Houston-area high schools are getting increased safety measures as the result of a new law. Texas House Bill 1263, sponsored by State Representative Senfronia Thompson, went into effect September 1 and it requires all high schools to install school zone signage.
Prior to the bill, Houston Public Works only required signage for elementary and middle schools. During the City of Houston’s Transportation, Technology, and Infrastructure (TTI) Committee meeting on Thursday, members from public works gave a presentation on the law and what it means moving forward.
“Teamwork and communications with schools and law enforcement are essential values needed to ensure safe routes are created and maintained for student travel, ” said Janice Lakey, Houston Public Works Community Outreach Coordinator.
An updated ordinance will be headed to city council’s agenda this month for approval. Some additional changes to the ordinance will be signage on all streets, not just major thoroughfares and streets with 5,000 vehicles or more. Flashing Beacons will be available upon request and evaluation.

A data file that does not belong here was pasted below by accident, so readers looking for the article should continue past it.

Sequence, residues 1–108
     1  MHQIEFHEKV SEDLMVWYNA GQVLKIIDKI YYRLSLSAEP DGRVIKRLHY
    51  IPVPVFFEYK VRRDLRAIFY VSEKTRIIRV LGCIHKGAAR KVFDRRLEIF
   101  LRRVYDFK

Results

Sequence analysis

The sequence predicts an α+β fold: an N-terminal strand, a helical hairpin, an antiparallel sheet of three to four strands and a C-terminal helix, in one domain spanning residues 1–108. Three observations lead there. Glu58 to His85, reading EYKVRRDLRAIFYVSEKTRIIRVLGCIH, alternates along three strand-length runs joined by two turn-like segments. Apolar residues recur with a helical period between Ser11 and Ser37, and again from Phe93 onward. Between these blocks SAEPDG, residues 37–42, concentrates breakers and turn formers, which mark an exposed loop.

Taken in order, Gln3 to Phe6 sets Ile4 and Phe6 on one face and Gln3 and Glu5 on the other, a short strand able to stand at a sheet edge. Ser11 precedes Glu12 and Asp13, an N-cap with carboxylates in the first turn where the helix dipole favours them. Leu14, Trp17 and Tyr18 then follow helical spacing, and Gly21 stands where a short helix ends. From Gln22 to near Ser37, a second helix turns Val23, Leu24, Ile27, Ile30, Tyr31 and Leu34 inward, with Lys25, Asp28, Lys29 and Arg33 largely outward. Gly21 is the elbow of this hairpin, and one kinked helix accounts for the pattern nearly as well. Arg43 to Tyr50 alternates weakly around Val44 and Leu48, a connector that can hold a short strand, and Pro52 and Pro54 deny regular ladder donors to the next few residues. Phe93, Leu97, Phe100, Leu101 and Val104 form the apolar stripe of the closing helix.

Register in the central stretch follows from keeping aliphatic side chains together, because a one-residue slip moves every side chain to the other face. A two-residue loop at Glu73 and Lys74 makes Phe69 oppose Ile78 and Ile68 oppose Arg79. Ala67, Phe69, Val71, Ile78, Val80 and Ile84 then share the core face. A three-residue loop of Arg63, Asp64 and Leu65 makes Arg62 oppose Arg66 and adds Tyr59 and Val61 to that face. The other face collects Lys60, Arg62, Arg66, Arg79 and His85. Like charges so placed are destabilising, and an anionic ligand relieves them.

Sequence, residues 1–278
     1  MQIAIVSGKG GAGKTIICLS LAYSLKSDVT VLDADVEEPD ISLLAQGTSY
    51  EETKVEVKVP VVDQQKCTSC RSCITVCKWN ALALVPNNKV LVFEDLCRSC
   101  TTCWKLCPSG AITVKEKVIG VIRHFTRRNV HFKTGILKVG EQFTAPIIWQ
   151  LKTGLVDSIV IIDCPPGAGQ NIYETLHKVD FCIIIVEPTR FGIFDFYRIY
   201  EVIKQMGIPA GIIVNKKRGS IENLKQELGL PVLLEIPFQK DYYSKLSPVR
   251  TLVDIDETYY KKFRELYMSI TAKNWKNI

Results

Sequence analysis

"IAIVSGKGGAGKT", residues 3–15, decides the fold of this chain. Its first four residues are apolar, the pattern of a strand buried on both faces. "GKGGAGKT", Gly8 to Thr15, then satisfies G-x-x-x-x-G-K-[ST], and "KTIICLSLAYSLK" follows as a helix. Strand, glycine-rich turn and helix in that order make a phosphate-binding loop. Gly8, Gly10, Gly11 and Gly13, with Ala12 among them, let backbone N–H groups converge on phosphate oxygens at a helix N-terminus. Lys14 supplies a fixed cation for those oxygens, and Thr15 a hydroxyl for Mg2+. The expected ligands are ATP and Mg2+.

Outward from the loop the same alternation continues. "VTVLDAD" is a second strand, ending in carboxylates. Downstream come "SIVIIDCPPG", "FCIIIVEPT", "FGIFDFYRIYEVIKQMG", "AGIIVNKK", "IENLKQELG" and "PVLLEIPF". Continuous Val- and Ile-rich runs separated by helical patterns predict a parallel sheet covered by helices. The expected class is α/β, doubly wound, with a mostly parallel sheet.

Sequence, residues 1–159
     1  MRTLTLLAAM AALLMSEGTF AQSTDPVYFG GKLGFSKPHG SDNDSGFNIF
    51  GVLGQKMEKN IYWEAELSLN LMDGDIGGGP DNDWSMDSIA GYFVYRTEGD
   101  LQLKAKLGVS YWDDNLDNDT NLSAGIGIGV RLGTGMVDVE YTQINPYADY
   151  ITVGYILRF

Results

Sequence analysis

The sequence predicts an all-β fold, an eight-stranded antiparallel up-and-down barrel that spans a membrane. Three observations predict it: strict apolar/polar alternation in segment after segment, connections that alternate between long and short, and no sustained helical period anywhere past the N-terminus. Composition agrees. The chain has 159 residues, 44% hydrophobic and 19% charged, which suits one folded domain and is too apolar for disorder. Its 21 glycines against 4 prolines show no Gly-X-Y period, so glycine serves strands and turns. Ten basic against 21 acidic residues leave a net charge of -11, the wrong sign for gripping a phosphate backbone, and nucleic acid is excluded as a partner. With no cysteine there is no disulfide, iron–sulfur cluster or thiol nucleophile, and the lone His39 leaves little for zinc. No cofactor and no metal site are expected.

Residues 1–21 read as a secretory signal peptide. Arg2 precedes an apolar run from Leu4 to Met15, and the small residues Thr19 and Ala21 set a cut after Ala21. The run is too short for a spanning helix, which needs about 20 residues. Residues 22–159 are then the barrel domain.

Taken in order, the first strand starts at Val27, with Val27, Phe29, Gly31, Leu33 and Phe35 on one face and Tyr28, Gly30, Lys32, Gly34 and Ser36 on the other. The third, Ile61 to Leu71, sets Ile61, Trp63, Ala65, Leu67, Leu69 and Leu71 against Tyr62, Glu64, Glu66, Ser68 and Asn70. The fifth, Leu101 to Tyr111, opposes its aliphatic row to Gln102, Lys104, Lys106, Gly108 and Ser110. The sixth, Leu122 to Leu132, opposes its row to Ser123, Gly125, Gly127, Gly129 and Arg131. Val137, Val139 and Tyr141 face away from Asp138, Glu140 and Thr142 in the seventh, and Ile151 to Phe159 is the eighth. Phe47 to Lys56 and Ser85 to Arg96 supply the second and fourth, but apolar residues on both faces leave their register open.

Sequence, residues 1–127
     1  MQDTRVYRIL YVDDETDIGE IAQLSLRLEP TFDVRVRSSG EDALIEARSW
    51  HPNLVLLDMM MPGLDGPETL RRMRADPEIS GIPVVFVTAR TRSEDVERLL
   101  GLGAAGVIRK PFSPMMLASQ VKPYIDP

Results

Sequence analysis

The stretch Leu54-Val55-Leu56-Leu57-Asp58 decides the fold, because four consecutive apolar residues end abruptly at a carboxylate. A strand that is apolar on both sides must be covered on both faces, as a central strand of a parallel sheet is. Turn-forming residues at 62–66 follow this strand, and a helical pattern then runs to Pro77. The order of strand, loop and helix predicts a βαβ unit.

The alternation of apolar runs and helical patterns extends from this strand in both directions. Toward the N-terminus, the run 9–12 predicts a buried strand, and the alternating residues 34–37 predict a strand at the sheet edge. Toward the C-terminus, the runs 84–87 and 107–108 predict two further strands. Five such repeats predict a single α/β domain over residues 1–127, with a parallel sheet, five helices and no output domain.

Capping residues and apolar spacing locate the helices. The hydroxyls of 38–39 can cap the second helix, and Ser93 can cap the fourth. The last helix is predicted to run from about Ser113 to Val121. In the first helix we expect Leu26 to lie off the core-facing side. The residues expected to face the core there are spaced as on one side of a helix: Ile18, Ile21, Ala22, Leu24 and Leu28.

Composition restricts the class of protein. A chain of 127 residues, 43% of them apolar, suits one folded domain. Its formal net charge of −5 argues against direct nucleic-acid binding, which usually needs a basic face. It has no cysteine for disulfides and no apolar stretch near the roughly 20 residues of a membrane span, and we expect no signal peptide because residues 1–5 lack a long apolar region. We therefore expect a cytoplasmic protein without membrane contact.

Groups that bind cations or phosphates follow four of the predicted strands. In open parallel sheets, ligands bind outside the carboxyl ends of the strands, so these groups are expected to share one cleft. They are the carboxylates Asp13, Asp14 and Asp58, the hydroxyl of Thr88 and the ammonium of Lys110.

According to Houston Public Works, the department had to change its policy regarding the flashing beacons in school zones due to limited resources, prolonging the wait time for repairs and installations.
“It will take six months to a year to get the pole replaced (flashing beacons),” said the City of Houston’s Traffic Engineer, Khang Nguyen. “Our first order of priority is to get all the schools established, go back and evaluate them.”
Greater Houston has a total of 562 public schools and 165 private schools across 12 districts. Among the 1,700 school speed zones, there are 7,000 reduced speed zone signs and 1400 flashing school beacons.
The City of Houston released its Vision Zero Back to School Traffic Safety Tips last month. The report stated since 2017, there were 1,509 reported crashes involving school buses and 327 crashes in school zones. According to the Texas Department of Transportation, In 2022, there were 746 accidents in Texas school zones resulting in 23 serious injuries.
District C Council Member Abbie Kamin says some neighborhoods in her district like the Heights have been pushing for signage.
“One of the things I heard when I was last there was how desperately parents would like a school zone along Heights High School,” she said.
38 high schools have applied for signage and it could take about eleven months to put up all the signs. The schools include:
Challenge Early College
East Early College
Houston Academy International Studies
Houston Math Science and Technology Center
Jones Futures Academy
Law and Justice
North Houston Early College
South Early College